Four years have passed since the last instalment in Strut Records’ critically acclaimed Next Stop Soweto series. At last, however, the wait is over. Recently, Strut Records have released Spirit of Malombo: Malombo, Jazz Makers, Jabula and Jazz Afrika 1966-1984. This is a double album, which celebrates the life and music of influential drummer, and political activist, Julian Bahula, whose career began in the late fifties.

It was around 1959, when Julian Bahula’s family were forced to move from Eesterust, a township a few miles west of Mamelodi. Their new home was Mamelodi, a township, to the north east of Pretoria. For the young Julian Bahula this could’ve been a turbulent time in his life. After all, he was leaving behind his friends and family. However, the move to Mamelodi resulted in Julian’s musical career unfolding.

In Mamelodi, Julian first met flautist Abbey Cindi and guitarist Philip Tabane. Abbey was also a newcomer to Mamelodi, having moved from Witbank. Phillip, however, had lived in Mamelodi all his life. Indeed, it was in Mamelodi Phillip’s career began. 

Ever since the early fifties, Phillip had been playing live. He had blossomed into a gifted and talented guitarist. Phillip played in a variety of groups, including jazz groups. Then as the sixties dawned, Phillip was a member of a jazz group, The Crotchets. However, he decided to form a vocal group The Lullaby Landers. 

Two of the other members of The Lullaby Landers were Abbey Cindi and drummer Julian Bahula. They were part-time musicians. Unlike Phillip, who was able to practice during the day, Abbey and Julian worked during the day. The only time they had to rehearse, was in the evenings, at the Mamelodi centre. Phillip would join them, and they became a trio.

The trio would meet in the evenings and play the music Phillip had composed. With Phillip’s guitar, Abbey’s flute and Julian’s drums, they were able to create a sound that ws very different to other groups. There was a reason for this. That was the type of drums Julian used. 

This became obvious during rehearsals. Phillip had composed the music for the band. The music he composed didn’t require trap drums. Despite this, when Julian played the music with a Western drum kit, it didn’t sound right. This was patently obvious. So, Julian made the decision to buy African drums.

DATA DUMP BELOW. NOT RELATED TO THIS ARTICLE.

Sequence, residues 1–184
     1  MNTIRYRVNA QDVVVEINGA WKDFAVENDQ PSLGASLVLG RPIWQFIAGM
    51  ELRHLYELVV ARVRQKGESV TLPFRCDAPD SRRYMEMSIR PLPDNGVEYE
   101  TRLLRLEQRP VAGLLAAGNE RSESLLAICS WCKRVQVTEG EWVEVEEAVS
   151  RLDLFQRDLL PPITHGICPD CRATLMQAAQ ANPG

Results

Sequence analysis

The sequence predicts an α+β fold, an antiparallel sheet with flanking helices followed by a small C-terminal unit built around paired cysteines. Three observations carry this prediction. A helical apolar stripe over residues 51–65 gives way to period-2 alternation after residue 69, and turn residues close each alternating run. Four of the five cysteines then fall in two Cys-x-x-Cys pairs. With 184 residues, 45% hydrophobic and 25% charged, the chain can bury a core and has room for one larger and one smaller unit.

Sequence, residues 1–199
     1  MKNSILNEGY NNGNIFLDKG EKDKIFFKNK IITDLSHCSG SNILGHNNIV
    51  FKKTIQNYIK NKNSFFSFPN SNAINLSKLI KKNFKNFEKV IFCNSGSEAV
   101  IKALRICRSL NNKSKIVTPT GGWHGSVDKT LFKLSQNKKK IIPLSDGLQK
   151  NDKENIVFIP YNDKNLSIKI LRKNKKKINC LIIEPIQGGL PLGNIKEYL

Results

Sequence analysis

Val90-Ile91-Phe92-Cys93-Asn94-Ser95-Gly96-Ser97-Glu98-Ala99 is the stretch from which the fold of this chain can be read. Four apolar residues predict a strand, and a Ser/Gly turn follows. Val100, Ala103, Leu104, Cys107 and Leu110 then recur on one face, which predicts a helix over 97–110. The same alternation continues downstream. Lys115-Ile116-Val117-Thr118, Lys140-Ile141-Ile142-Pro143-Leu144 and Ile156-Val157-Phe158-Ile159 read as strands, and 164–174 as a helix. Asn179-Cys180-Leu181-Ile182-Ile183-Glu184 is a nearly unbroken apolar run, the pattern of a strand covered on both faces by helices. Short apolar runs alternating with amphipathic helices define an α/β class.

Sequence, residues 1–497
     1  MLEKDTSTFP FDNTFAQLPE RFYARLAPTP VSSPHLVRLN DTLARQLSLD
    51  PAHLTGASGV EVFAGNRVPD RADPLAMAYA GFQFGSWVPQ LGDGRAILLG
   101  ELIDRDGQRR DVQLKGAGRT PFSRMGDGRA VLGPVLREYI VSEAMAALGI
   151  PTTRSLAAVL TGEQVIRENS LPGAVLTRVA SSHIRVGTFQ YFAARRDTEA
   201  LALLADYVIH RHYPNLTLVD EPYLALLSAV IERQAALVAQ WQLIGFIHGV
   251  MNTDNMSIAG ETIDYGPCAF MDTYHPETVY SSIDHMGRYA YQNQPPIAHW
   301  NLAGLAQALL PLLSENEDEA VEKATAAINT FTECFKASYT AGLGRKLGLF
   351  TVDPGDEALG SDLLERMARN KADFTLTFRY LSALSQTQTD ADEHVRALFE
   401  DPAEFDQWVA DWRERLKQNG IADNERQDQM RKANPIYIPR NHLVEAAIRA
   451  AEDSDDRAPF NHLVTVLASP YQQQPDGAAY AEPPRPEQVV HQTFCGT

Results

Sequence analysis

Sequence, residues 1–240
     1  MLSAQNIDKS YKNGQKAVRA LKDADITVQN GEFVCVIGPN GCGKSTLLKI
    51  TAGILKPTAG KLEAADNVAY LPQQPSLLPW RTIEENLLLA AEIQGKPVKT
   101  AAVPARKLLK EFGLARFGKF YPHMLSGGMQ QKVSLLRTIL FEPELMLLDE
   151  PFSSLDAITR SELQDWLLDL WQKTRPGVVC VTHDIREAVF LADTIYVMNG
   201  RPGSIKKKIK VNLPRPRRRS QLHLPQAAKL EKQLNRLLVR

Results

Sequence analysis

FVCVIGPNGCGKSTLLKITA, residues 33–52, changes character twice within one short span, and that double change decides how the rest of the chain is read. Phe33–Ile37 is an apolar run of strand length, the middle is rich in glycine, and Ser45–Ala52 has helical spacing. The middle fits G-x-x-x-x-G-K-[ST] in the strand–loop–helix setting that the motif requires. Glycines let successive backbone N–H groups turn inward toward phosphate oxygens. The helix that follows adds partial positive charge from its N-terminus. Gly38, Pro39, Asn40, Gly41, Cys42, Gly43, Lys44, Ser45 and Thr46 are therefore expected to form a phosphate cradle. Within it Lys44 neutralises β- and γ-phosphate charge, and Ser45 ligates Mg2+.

Having bought a new set of drums, Julian returned to the Mamelodi centre to practice. Julian was proudly setting up his new drums, when the caretaker looked in. He was one of the Venda people, a group of Southern African people who live near the South African and Zimbabwean border. Straight away, he recognised Julian’s new drums. They were actually malombo drums, which traditionally, he explained, the Venda people play. However, there was another explanation of the word malombo.

A malombo, the caretaker explained is a word given to to ancestral spirits. Very occasionally, he told Phillip, Abbey and Julian, these spirits can make people unwell. The only way to cure this illness, is through dance and spirit possession. A healer puts the person into a trance, and calls upon the spirits. As the caretaker explained, Julian and Phillip remembered this. They had been told about this as they grew up. Still, the were fascinated by the story. Even more so, when the malombo drum was involved. After hearing this explanation of the drums’ origins and use, Phillip, Abbey and Julian decided that their nascent group be called The Malombo Jazz Men. Little did they know the effect the Malombo drum would have on their music.

The Malombo Jazz Men.

The Malombo drum brought a totally unique and innovative sound to African jazz scene. Rather than drawing inspiration from America, jazz’s homeland, the inclusion of the Malombo drum saw an Africanisation of jazz music. It was as if The Malombo Jazz Men wanted to reconnect with traditional African music, tradition and culture. This was a huge step, one that had never been made before. This made the Malombo Jazz Men Malombo musical pioneers, who were set to make their musical debut.